Updated: Apr 6, 2020
The allotment is still fast asleep so try to put off using those new garden shears Santa brought you for Christmas and have a look at what IS plentiful...outside growing in the hedge rows.
Foraging is my new favorite past time and today nettles are the choice of leaf perfect for our plates!
Yes I'm talking about the humble stinging nettles - also know as a general weed (that I'm forever pulling up!), devil’s claw, devil’s plaything, nettle, burn nettle, burn hazel and burn weed.
Foraging for nettles is more worthwhile than you may have thought, well, that is if you’re not snowed in!
The first shoots of young nettles early in the year are the very best to eat and are a great spinach substitute in curries, pasta sauces and as a vegetable side dish.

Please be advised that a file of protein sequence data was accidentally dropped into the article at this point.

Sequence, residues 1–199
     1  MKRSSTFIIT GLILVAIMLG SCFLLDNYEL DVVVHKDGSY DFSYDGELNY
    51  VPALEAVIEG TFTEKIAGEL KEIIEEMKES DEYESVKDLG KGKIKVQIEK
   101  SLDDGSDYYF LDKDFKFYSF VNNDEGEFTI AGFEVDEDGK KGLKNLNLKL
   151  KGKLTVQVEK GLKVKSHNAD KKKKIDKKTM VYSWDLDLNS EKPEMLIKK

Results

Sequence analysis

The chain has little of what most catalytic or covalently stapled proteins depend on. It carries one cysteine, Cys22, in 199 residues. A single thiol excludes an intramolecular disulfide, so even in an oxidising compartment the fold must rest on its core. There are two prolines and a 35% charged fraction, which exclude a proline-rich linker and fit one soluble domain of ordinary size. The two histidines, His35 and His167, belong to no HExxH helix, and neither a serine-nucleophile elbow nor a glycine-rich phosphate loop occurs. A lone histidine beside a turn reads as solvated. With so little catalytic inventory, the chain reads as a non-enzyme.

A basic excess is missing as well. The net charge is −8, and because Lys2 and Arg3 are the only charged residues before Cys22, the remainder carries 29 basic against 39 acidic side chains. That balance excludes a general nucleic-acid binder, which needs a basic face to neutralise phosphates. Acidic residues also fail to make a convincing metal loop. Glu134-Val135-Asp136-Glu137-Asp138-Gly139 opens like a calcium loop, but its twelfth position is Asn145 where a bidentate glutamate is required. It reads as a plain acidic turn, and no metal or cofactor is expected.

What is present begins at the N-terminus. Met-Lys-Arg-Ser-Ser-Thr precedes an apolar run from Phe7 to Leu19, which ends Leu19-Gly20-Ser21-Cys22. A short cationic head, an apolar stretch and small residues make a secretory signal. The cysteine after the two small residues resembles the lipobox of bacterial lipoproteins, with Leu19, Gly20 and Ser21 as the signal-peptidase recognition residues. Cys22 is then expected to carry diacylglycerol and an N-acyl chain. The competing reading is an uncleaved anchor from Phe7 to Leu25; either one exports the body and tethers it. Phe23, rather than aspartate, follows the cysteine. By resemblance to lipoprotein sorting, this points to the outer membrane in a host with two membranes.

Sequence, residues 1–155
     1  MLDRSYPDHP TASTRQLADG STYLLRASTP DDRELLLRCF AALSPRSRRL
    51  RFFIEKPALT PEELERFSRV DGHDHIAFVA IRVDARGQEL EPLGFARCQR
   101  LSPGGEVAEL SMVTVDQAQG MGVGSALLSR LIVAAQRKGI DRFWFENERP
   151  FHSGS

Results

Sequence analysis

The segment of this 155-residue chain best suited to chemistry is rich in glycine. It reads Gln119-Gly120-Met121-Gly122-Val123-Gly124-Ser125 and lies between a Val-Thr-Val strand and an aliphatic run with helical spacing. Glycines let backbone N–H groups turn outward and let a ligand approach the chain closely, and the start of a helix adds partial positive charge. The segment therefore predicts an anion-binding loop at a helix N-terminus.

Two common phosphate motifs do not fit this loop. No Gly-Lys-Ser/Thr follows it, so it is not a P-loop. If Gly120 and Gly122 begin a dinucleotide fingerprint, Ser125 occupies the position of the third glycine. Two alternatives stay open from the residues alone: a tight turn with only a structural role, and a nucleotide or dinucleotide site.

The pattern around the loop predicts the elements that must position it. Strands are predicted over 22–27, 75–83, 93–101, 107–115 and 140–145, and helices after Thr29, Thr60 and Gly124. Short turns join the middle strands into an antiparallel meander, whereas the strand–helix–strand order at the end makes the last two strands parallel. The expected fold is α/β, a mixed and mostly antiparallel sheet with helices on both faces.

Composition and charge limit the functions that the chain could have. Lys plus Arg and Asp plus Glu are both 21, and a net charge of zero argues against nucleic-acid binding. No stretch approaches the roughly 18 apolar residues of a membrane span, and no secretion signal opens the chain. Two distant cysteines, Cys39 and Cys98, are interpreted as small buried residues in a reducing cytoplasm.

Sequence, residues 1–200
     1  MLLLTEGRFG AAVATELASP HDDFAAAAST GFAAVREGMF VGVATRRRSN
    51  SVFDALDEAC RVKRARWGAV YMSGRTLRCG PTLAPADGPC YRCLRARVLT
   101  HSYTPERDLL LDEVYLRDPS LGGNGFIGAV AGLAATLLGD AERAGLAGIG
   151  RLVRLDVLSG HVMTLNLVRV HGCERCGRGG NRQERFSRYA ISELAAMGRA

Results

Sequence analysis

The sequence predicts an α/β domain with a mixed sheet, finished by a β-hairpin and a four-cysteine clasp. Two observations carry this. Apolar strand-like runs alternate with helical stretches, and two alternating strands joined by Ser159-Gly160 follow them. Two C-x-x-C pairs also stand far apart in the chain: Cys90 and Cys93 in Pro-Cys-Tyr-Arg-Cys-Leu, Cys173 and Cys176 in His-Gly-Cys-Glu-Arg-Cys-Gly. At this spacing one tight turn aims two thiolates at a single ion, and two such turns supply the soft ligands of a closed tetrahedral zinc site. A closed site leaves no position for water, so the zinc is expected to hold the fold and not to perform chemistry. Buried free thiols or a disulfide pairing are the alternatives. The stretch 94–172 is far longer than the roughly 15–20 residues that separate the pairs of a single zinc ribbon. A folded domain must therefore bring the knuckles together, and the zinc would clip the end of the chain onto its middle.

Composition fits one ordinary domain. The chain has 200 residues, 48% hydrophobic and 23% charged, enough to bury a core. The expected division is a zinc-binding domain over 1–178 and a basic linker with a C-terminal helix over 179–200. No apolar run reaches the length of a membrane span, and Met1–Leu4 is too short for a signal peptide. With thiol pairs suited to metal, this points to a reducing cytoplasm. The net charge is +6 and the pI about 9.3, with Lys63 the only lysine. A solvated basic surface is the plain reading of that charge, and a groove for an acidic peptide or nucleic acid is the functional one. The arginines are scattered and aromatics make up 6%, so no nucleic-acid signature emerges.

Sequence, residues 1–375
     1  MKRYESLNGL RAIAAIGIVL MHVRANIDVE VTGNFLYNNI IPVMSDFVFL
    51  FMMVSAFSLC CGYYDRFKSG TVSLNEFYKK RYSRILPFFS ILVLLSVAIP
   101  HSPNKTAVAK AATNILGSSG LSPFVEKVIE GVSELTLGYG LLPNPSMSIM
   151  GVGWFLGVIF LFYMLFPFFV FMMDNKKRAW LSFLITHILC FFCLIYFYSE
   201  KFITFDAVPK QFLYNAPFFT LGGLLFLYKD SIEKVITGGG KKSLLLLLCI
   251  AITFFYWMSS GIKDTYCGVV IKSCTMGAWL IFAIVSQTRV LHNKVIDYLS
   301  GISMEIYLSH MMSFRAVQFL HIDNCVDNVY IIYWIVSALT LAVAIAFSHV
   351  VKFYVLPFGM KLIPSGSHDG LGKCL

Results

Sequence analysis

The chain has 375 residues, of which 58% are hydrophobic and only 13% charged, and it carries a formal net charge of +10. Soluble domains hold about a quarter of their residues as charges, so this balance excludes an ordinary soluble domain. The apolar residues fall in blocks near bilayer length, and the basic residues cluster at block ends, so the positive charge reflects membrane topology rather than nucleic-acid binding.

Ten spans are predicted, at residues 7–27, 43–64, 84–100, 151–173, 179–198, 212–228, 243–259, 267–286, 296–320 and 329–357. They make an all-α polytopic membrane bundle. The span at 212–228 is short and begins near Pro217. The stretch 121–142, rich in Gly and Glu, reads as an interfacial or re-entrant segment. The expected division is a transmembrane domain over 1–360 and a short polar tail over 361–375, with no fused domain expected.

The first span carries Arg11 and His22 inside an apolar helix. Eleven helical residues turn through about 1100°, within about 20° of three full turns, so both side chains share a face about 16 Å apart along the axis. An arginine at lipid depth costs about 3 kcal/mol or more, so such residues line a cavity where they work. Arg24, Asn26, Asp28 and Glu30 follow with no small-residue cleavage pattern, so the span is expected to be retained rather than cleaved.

Where it all began...
Nettles have been used for thousands of years from food, to healing & even woven into fabric. It was eaten by people of many countries and some even knew it as ‘poor man’s spinach’.
They are seen as edible, even tasty, when cooked (once the stingers have been dealt with that was).
Folk lore worldwide attributes the powers of protection and fertility to this incredible plant. Wisdom handed down from ancient times includes advice on using nettles to protect one’s self from lightning, to enhance fertility particularly in men, to reduce the swelling of arthritic joints, to heal the sick and bestow courage on those who carry it as well as how to avoid being stung by nettles but is there any truth to this?
The power of nettle
Stinging nettle’s leaves and root provide a wide variety of nutrients, including: Vitamins, Minerals, Fats and Amino acids
It is said it could help with:
Helping to Treat Hay Fever
Lower Blood Pressure
Aid Blood Sugar Control
Reduced bleeding - Medicines containing stinging nettle extract.
Promote Liver health
Wound and burn healing